And make sure you don’t bite off more than you burn calorically. A slip of the lip does lead to a generously padded hip. Valentour recalls a former student who was perplexed by her inability to lose weight. Valentour asked her what her daily diet look liked, and the student said she started each day with a large vanilla latte. The student was blissfully unaware that daily latte cost her 300-plus calories. Morale to this story: Be conscious of not only what you eat, but also what you drink. Alcoholic beverages and sodas, too, can thwart you in your quest to create that negative caloric balance.

Although we inevitably want the pounds to melt off like a winter thaw, remember that slowly losing weight is the healthiest way. Patience is a virtue in this arena, and Valentour suggests losing no more than one to two pounds a week.

No more excuses

If Father Time has a treadmill, he is definitely not giving unlimited access to it.

“The No. 1 reason people give for not working out is time. I believe the No. 1 reason is a lack of commitment to change,” said Ehntholt. “That requires work. Most people know they need to exercise, but are not willing to make the time commitment. With an organized fitness program, people can reach their goals by maximizing the time they spend in the gym. The first commitment we get from our clients is (for them) to show up at the gym two to three times a week.”

Valentour is no-nonsense in her advice: “Don’t make excuses to skip exercise. It’s easier to prevent weight gain than to actually lose weight.”

If a gym membership is not an option, then Fortson suggests people take advantage of the vast outdoors and get fit by ice-skating, snowboarding, skiing or even shoveling.

“And if you’re feeling cooped up in the house this winter and pulling your hair out, use your stairs and go up and down them,” Fortson said, for aerobic exercise. And turn ordinary furniture into workout equipment. A chair, or even a coffee table, for instance, can be the apparatus on which to do triceps dips, she added.

The wonders of technology, too, have put a resounding kibosh on even the most cleverly concocted excuses to exercise. Instructional exercise DVDs run the gamut from yoga to kickboxing and weight lifting to Zumba, and they are easy to follow and inexpensive. Build a library of them. Snow Day? Turn it into a Downward Dog Day and do your body good. Fitness gurus such as Jillian Michaels (“America’s Biggest Loser”), Karen Voight, Denise Austin and Richard Simmons will put a personalized and energetic spin on your home workout program. Websites such as make shopping effortless.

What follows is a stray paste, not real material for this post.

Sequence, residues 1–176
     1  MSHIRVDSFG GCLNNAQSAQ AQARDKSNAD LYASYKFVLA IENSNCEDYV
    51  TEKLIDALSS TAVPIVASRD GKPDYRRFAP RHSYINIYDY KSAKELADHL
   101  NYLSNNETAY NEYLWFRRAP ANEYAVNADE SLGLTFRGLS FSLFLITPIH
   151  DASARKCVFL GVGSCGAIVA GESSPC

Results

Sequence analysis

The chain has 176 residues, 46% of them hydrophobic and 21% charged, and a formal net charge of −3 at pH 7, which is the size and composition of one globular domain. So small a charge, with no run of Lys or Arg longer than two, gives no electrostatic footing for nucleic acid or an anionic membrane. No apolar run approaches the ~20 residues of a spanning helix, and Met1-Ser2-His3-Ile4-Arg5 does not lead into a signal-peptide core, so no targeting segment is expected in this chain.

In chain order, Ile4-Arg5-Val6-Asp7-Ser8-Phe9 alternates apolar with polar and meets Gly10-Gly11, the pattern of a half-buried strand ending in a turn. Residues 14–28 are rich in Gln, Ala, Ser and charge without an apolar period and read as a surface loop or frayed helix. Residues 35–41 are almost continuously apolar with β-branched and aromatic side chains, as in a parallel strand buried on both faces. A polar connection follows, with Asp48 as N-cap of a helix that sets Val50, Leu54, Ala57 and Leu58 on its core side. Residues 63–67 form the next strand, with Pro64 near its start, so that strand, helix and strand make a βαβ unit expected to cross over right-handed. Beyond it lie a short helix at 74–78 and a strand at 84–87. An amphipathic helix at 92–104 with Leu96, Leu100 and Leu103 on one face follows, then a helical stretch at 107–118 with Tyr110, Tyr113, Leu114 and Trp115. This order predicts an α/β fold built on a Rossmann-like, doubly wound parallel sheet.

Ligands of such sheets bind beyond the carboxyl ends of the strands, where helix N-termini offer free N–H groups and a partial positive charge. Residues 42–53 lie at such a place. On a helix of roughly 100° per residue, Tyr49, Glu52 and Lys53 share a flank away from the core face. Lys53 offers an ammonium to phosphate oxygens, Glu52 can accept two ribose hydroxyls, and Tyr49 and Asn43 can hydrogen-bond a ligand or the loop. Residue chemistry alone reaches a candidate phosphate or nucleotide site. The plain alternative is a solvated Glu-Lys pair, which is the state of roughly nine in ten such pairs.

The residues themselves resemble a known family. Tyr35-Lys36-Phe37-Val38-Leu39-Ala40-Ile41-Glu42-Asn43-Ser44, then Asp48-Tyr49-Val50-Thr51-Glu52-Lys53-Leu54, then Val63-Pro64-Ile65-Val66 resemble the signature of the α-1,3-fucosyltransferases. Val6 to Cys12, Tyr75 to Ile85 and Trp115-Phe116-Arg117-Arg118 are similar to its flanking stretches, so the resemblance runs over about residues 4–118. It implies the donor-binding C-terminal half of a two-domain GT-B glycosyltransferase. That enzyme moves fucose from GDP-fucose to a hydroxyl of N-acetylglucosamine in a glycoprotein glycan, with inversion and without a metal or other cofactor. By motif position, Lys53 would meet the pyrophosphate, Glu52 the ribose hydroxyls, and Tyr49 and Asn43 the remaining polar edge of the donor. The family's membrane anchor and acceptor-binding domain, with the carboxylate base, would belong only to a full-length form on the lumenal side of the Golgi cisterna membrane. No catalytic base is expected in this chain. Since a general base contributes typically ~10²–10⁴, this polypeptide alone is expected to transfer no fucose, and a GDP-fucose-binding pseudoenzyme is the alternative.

To keep you on track and make it easy to pencil in exercise time, ACSM offers a printable exercise planner at

Music is also an invigorating accompaniment to exercise and helps keep boredom as bay. “It is a proven fact that music can help people perform at higher levels in every part of their lives,” said Ehntholt. “All of us have different tastes in music, but upbeat, faster tempo music will help you perform at a higher level when exercising.”

With the right tools and attitude, the hard work of a fitness program will pay off. Not just for 2011, but for years to come.

“It is amazing to watch the metamorphosis of our clients as they make progress toward their fitness goals,” said Ehntholt. “The once quiet man or woman becomes outgoing and confident. They begin to wear more stylish clothes and change their hairstyles.”

By:  Staff Writer, Robin McKracken, Dayton Daily News

July 25, 2013

Otto is turning 2 months old!

Our newest edition to the family is Otto Alexander Bergman.  Otto is the second grandchild and only grandson.  Here is a picture of Otto with my daughter, Meagan and her husband, Alex.  1005968_10101232349922878_851049986_n 1069998_10101317327028078_1470842942_n

July 13, 2013

July 13th Wedding Congrats to Katie & Daniel Morris!

On July 13, 2013, my daughter Katie Grierson married, Daniel Morris of Columbus, Ohio.  The matron-of-honor was my daughter, Meagan Bergman.  This is a picture of all our children, grandchildren, son-in-laws, and my dad, John Grierson.The family